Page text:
Scientists have warned the country is ‘on a knife-edge’ and needs to remain vigilant to prevent a second wave of coronavirus cases in the winter.
Sir Jeremy Farrar, who is a member of the Government’s Scientific Advisory Group for Emergencies (Sage), admitted he was ‘worried’ about a possible spike in infections ahead of the reopening of pubs, restaurants and hairdressers on July 4.
The director of the Wellcome Trust warned there could be a ‘very nasty rebound’ of coronavirus in the winter if the UK does not use the next few months ‘sensibly’.
Speaking to the BBC’s Andrew Marr Show on Sunday, he said: ‘In truth, the restrictions started to be lifted towards the end of May, the beginning of June, around that bank holiday.
‘I would predict, I would guess, that we will start to see a few increases in cases towards the end of June or the first week of July.’
Sir Jeremy added: ‘We’re on a knife-edge, it’s very precarious the situation, particularly in England at the moment, and I would anticipate we would see an increase in new cases over the coming weeks.’
He argued the next three months were ‘absolutely critical’ in the fight against coronavirus in the UK.
He said: ‘Come the winter, come the reopening of schools, which is absolutely critical, we can anticipate to see rebounds and second waves.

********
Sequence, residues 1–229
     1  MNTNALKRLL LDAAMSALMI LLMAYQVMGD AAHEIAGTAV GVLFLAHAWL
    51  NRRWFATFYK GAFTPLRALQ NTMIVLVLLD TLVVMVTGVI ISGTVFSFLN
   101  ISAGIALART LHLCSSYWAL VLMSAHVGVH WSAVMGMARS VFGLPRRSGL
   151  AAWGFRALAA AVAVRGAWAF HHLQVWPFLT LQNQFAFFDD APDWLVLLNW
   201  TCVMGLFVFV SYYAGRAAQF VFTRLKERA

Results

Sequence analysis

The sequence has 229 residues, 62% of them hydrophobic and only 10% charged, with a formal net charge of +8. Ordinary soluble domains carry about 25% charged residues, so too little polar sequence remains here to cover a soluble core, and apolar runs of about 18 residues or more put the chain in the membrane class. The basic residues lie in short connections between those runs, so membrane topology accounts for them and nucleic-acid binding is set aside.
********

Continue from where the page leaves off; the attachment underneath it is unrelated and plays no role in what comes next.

‘The question is do you start from a very low base, like in Scotland, a few dozens cases, or maybe a few hundred cases in England, and then you’re in a good position if there are local outbreaks that you can respond locally and you can prevent the national catastrophe that happened in March and April.
‘That’s the key, using June, July and August really cleverly, making sure we have everything in place and learning the lessons from February and March.’
He said doctors had got better at treating patients with Covid-19, but it still represented a ‘very, very nasty infection’.
Sir Jeremy added: “You’ve got to move faster than the epidemic, you’ve got to move ahead of the pandemic.
‘Once you get behind it, you have exponential growth, you lose track of it and that’s what happened across Europe, particularly in the UK, in March and April of this year.’
He argued the government’s test, trace and isolate system needed to be ‘fully functional’ by September to help the fight against coronavirus.Follow us: